Posted by: Jess Riley | October 26, 2008

Mary Sueism and Cliches

We’ve mentioned this elusive Mary Sue creature a few times, and it’s occured to me that we’ve never really done a post on that topic specifically.

I don’t want to spend the whole time just talking about exactly what a Mary Sue is; there’s other resources for that online, and I’m sure no one really wants me to re-explain it now and talk about exactly why it’s a problem.

So, I’m not going to. Seriously, if you want to know what a Mary Sue is, go on and read that link; it’s a good one. Instead, I’m going to talk about how much is too much when we’re playing with Mary Sue-esque traits – is there an alloted number of traits you’re allowed to have before it gets to be too much, or does it depend on other factors?

To be honest, I think it’s a bit of both. A lot of people say that fictional characters in their own universes score awfully high on a Mary Sue Litmus Test, and this is pretty true – using the example of the Litmus Test I just linked to, I just did a quick run-through using Batman as an example, and got a score which came out as ‘Kill it dead’. Now, keeping in mind that I’m not the creator of Batman and, as a result, far from an expert on the subject, this isn’t a perfectly accurate measure, but I think my point is more or less made. He comes out on a Litmus Test as a Mary Sue.

There’s a difference here between Batman the Mary Sue and Joe Roleplay Character the Mary Sue: when you pick up a Batman comic, or watch a Batman film, or anything of the sort, you’re there for Batman. Let’s be honest. We let Batman get away with being, well, Batman, because the only reason why we’re there is for him.

The difference, therefore, is that in a roleplay situation, we’re not all there for your character. You’re not here for mine. People don’t want to let other people in a roleplay be ultra-cool, because roleplay is about balance, not about any one person shining. Sure, everyone needs their moments to shine, but it can’t be all the time, or other people start getting annoyed.

Hold up, though – I’m being awfully down on these Mary Sue-esque traits. Can’t they ever be done well?

Yes – up to a point. In my opinion, it’s not that these traits can’t be done well. There’s two important factors, here. One is that if you’re playing a character with some Mary Sue-ish traits, you need to be able to handle it well. You need to have some kind of depth, as most of the problem with a Mary Sue kind of character is that they’re too shallow, and they have all these traits with no depth. You need to have an explanation for the more cool things, because there’s very little more deserving of a bit of eyerolling than someone who is awesome Just Because. Put simply, if you’re heading into Mary Sue territory, just be aware of how you’re playing and make sure you’re doing it properly.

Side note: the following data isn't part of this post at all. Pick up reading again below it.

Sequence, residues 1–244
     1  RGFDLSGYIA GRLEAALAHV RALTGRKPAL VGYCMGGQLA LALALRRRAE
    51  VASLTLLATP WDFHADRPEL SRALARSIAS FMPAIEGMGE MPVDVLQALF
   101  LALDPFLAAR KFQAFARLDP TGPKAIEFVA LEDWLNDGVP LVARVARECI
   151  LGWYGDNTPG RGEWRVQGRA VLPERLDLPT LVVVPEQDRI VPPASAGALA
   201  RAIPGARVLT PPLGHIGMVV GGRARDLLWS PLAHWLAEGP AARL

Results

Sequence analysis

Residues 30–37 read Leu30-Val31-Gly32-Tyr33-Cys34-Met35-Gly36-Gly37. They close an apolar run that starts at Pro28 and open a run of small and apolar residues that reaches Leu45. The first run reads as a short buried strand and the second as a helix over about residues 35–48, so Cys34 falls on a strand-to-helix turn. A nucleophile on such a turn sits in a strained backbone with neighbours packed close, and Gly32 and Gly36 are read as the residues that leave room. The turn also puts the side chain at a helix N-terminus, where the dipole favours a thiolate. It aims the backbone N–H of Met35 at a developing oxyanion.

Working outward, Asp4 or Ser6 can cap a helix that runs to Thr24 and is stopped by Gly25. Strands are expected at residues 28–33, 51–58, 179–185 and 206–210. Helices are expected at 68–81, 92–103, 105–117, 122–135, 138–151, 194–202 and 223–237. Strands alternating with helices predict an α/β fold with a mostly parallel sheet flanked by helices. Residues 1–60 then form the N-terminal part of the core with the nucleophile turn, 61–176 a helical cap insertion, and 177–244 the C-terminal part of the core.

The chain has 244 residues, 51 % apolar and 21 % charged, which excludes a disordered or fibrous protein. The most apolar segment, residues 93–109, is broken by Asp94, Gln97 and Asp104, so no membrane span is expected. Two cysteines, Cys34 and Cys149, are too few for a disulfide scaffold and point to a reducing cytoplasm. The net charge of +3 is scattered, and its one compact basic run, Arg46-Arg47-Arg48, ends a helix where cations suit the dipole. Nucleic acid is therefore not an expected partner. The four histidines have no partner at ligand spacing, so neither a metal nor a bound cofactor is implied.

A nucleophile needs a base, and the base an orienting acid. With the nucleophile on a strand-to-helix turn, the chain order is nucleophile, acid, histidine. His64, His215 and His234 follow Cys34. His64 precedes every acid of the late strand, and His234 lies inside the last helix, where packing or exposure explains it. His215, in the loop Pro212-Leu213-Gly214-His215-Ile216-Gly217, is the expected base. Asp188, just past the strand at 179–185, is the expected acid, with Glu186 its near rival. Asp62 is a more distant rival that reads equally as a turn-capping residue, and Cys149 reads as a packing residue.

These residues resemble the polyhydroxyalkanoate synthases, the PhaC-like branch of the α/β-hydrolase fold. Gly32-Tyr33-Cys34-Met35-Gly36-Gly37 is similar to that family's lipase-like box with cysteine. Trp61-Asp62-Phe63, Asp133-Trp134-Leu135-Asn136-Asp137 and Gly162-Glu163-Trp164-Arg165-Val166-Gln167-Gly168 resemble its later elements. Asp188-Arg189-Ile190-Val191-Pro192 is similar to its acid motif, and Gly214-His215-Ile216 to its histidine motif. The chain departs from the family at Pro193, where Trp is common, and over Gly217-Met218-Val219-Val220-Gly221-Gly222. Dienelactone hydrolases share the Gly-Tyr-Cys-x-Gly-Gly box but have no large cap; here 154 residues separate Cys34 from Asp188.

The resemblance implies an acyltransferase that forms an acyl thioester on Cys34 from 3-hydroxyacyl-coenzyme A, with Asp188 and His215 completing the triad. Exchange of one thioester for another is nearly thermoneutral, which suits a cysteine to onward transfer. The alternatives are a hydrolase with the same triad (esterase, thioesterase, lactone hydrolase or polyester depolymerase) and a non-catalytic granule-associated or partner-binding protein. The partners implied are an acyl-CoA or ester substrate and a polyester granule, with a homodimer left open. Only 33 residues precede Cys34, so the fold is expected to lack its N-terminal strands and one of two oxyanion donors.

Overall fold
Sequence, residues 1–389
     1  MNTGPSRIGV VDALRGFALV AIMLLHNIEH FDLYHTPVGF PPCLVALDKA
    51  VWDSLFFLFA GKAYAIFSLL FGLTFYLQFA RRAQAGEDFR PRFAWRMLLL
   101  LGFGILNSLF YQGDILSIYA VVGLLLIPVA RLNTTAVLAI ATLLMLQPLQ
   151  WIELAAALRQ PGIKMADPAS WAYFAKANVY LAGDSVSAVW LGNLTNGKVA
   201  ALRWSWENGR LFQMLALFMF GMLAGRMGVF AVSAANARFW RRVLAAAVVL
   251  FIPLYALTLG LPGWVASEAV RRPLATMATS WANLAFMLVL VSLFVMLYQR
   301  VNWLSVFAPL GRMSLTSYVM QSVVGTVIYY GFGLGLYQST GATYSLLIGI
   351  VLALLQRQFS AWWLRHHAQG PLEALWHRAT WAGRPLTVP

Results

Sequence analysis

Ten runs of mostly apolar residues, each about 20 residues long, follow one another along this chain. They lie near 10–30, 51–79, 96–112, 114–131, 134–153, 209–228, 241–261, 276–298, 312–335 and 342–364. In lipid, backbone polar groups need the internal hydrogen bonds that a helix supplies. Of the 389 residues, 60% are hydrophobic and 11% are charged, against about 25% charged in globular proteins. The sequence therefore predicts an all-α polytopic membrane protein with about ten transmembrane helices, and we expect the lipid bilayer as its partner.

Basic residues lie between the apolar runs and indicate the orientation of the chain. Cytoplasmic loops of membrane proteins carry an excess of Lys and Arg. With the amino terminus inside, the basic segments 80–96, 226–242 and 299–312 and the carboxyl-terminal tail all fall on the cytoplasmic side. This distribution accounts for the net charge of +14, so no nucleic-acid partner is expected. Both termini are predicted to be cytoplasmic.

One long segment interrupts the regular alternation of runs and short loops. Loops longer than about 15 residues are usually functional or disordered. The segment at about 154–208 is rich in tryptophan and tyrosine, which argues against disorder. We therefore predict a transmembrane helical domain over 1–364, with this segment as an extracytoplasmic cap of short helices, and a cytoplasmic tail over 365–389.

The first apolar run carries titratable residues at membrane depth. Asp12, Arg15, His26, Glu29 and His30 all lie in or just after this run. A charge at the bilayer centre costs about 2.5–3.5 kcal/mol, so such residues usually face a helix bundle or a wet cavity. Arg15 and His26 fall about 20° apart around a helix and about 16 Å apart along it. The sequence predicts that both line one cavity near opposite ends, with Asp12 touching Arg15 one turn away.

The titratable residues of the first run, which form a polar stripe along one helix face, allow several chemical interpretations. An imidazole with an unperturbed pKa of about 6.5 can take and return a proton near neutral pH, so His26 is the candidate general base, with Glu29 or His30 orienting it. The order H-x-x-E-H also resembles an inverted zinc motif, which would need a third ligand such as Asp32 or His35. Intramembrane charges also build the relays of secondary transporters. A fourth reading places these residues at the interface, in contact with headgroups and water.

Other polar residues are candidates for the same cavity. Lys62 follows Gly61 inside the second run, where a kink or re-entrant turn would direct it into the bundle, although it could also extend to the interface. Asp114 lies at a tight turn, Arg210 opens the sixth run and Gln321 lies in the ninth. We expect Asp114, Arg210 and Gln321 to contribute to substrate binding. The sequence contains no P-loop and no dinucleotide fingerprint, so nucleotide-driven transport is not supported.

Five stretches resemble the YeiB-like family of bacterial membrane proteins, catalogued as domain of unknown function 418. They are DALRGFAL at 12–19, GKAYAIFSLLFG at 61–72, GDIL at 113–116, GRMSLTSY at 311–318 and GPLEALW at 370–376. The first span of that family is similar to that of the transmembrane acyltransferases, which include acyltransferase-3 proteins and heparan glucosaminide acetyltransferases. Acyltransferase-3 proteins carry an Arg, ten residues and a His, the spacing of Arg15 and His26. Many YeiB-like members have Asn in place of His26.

The second point is that there’s only so much you can do with Mary Sue kind of cliches before people will just give up. Even if you roleplay extraordinarily well, there’s only so much that other people will be able to stand before they just raise a hand and say, “No, too much.” You can certainly ‘get away with’, so to speak, a lot of things if you’re a particularly good roleplayer, but even then you can’t over-saturate a character with too many Mary Sue-ish traits.

Essentially, both points boil down to the same thing – just pay attention to how you’re coming across, and be aware of the risk of coming across badly if you make use of too many of these traits.

There’s another point I wanted to cover, and it’s only a brief one, but I’ll surely come back to it at some point in the future:

Cliches become cliches because at some point, they worked.

It’s not insta-fail to make use of some kind of cliche. It’s not a death sentence for your character if you have some elements of a Mary Sue, or if some aspect of your history is broadly similar to the history of other people. The thing about a game like World of Warcraft is that a lot of characters are going to have a strong shared history – you can’t get past the fact that approximately one in two gnomes died in Gnomeregan, so a lot of gnomes are going to have dead family members in their personal story. All the Forsaken were once alive, and will have been separated from their families, or lost their families to the Scourge. It’s not bad if you, along with a bunch of other people, have these same ideas in your story.

Is it cool if you can write a believable and original background? Absolutely! But if your story draws heavily from lore and, as a result, is pretty similar to the basic idea of everyone else’s, that’s not bad. These things are cliches because they work and they fit in with the lore, and it’s not bad to use some of them in your roleplay.

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Responses

  1. Great entry! 🙂

    I think it covered the topic well, while being a quick simple read. Because really, if you would of opted to go into the intricacies of what a Mary Sue is, things start to get convoluted(though justly so) real quick. So it definitely was a good idea to just provide a link to TV Tropes.

    And it definitely be good to expand on the use of cliches in the future, as that is right up there with people making way too many Mary Sue’s for characters. But, you still covered the subject nicely considering how briefly you went over it.

  2. Very informative post, I enjoyed reading this!

    Keep up the good work!


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